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My feet don’t even hit the floor in the morning and the question pops into my head:
“Oh god. What am I going to make for dinner?”
If you happen to be responsible for feeding and watering the familial masses, the next meal is never far from your mind. What do I have in the freezer? Is there any milk? Can I get another meal out of that wilted salad? And on and on and on.
You’d think that once the kids get a little older (yes, children, your twenties qualify as older), the adults could take care of themselves. To be fair, they probably could, but the codependency is so ingrained that no one can break free of the habit. The kids show up in the kitchen like so many baby birds, mouths open, just waiting for mom to provide sustenance. After twenty-six years of gathering worms, mommy just does it. Not that this is personal or anything.
So, when recently presented with an opportunity to spend an overnight with some girlfriends, I accepted, then panicked.
“Oh no! What are the kids going to eat? I have to get to the store and cook a few things before I leave,” I muttered.
Several hours of frantic prep later, the fridge was stocked with fresh food and enough prepared meals to get my soon-to-be-abandoned family through a day and night without me. I drove away confident that my husband and offspring would survive, well fed, until my return.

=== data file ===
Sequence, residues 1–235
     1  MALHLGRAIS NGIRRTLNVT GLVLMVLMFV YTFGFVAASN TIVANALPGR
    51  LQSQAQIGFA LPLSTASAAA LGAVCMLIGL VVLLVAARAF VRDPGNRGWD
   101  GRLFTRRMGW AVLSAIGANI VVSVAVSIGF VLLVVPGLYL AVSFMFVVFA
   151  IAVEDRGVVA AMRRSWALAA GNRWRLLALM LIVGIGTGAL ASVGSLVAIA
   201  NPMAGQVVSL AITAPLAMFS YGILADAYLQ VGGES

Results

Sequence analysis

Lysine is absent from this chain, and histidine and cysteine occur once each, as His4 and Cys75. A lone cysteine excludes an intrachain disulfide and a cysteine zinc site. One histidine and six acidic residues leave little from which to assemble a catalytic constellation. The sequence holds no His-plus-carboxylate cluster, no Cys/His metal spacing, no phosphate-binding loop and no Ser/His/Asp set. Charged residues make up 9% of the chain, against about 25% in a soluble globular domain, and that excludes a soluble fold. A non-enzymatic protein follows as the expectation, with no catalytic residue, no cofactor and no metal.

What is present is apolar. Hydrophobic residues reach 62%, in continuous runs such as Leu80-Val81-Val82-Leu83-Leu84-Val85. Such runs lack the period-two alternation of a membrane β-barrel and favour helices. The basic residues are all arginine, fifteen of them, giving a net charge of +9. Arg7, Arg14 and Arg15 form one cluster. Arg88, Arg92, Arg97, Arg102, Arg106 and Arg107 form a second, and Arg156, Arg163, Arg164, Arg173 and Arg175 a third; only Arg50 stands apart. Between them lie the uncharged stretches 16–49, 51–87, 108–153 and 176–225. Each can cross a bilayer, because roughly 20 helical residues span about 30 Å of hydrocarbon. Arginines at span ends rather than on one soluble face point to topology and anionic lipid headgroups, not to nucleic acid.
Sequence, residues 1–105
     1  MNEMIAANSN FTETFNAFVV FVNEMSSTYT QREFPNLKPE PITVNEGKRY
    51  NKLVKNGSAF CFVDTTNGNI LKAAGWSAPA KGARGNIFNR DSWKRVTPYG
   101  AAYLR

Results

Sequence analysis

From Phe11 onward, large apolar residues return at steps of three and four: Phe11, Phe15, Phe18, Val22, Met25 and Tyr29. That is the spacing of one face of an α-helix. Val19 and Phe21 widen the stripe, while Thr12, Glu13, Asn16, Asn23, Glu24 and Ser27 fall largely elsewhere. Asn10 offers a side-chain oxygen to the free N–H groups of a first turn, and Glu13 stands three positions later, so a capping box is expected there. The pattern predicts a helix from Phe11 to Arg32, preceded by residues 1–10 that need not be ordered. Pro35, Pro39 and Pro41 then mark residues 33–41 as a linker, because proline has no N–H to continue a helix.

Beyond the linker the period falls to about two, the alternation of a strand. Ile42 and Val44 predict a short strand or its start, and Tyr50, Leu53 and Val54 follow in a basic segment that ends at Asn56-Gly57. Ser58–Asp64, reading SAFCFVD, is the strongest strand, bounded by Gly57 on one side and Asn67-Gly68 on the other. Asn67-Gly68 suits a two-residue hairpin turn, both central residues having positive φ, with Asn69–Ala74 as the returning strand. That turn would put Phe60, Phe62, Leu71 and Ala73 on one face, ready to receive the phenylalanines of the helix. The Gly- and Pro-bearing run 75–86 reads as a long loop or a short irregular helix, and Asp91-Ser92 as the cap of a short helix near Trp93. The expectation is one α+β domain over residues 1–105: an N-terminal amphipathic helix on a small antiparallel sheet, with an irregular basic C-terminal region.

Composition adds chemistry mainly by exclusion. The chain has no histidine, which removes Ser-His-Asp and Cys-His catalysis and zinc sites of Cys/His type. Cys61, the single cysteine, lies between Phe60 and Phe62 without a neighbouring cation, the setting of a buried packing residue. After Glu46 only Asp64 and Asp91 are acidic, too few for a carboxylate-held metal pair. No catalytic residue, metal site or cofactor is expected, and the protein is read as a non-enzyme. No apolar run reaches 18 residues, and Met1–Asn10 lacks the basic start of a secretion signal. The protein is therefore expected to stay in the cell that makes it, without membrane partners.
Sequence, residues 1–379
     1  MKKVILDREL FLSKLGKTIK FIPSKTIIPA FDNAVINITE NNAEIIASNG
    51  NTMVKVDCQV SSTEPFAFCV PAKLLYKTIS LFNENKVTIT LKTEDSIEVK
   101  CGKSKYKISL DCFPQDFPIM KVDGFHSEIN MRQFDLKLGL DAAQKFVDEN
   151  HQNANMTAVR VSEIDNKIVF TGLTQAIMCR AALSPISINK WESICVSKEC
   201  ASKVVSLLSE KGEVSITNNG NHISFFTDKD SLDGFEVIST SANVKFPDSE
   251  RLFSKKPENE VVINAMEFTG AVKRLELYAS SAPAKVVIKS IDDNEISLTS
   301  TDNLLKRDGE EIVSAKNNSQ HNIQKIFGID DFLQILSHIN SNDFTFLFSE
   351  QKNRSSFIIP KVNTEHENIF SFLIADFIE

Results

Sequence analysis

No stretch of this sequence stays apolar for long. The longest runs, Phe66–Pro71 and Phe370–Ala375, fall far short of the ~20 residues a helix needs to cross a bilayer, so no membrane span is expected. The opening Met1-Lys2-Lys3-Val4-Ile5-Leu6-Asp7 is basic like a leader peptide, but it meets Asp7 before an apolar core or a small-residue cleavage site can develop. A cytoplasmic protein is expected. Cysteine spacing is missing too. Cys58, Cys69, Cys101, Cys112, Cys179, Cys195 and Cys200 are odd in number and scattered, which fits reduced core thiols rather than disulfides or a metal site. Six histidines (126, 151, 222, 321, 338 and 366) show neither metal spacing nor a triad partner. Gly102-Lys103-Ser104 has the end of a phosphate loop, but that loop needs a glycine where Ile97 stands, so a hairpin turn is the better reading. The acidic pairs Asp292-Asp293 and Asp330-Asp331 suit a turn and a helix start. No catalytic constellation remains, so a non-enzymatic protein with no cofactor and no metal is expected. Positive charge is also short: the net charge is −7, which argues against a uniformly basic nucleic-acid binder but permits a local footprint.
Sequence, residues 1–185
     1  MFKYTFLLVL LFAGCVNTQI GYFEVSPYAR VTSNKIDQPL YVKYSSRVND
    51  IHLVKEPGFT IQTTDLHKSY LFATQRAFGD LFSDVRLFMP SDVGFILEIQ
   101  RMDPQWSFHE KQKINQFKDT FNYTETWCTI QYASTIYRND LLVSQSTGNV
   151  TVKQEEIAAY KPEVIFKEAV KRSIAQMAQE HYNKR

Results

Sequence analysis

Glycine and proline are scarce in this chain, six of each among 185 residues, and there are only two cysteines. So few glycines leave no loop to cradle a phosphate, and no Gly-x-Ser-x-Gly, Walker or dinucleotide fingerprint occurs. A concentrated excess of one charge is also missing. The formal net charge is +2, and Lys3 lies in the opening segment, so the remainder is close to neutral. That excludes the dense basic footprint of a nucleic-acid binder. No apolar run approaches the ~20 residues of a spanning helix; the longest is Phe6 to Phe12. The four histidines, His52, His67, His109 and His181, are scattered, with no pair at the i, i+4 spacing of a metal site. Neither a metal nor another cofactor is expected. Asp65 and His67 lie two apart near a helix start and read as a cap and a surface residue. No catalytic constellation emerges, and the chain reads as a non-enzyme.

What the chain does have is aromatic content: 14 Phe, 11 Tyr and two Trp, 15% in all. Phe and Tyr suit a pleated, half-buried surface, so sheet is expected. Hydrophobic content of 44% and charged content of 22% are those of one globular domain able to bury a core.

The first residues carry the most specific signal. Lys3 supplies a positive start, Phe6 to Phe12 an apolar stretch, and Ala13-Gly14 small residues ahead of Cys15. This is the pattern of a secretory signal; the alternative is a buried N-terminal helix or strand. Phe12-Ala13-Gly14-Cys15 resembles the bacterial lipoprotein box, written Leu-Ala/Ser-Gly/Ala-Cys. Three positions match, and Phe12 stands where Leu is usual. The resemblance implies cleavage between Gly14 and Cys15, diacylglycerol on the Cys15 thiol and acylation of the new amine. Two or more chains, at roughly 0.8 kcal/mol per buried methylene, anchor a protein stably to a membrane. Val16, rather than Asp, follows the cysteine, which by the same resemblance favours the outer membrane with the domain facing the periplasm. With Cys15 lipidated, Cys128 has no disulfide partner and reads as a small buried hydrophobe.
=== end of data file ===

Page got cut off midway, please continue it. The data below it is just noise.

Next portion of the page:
Back home less than 24 hours later, I opened the fridge to find that nothing I had so lovingly purchased or prepared had been touched. Nothing.
“Hey!” I called. “Everybody into the kitchen!” Dave and our two oldest kids shuffled into the room. “Why is all the food I made still in the fridge? What did you eat while I was gone?”
“I don’t know. Whatever was around,” our son, David, said.
“It’s okay, Mom, we managed. It was fine,” Laura answered. “We were all out a lot anyway.”
“Yeah and when we were hungry, we just ate what Dad made,” David said.
“What Dad made? What did Dad make?” I asked, not a little incredulous.
“I made this,” Dave said, walking to the fridge and pulling out a plastic container packed with hundreds of plain and peanut M & Ms.
“M & Ms? You ate M & Ms? Instead of food?” I asked.
“Hey, a little respect. It took me a really long time to paint those. I did each one by hand,” Dave smirked.
“And we didn’t just eat M & Ms,” David added. “Dad also bought krimpets. We ate those, too.”
“Great. Just great. I go crazy making food and you eat candy and cake.”
“Look at it this way, hon. You’re always so worried that we can’t take care of ourselves and we were fine. From now on, you can relax a little,” Dave said.
Finally. I’d been waiting for this day. “Well, it’s not exactly what I was hoping for, but what the heck. Let’s eat. Can somebody pass me the M & Ms? And get the krimpets, too; I’m pretty hungry.”
That was two weeks ago. This morning, in keeping with my daily ritual, the ever-present question about the evening meal appeared in my head. But today is Valentine’s Day. Thanks to my husband’s inventive “cooking,” I think I have the perfect menu for dinner.
What’s your favorite Valentine’s Day meal? Click “comments” below and share!
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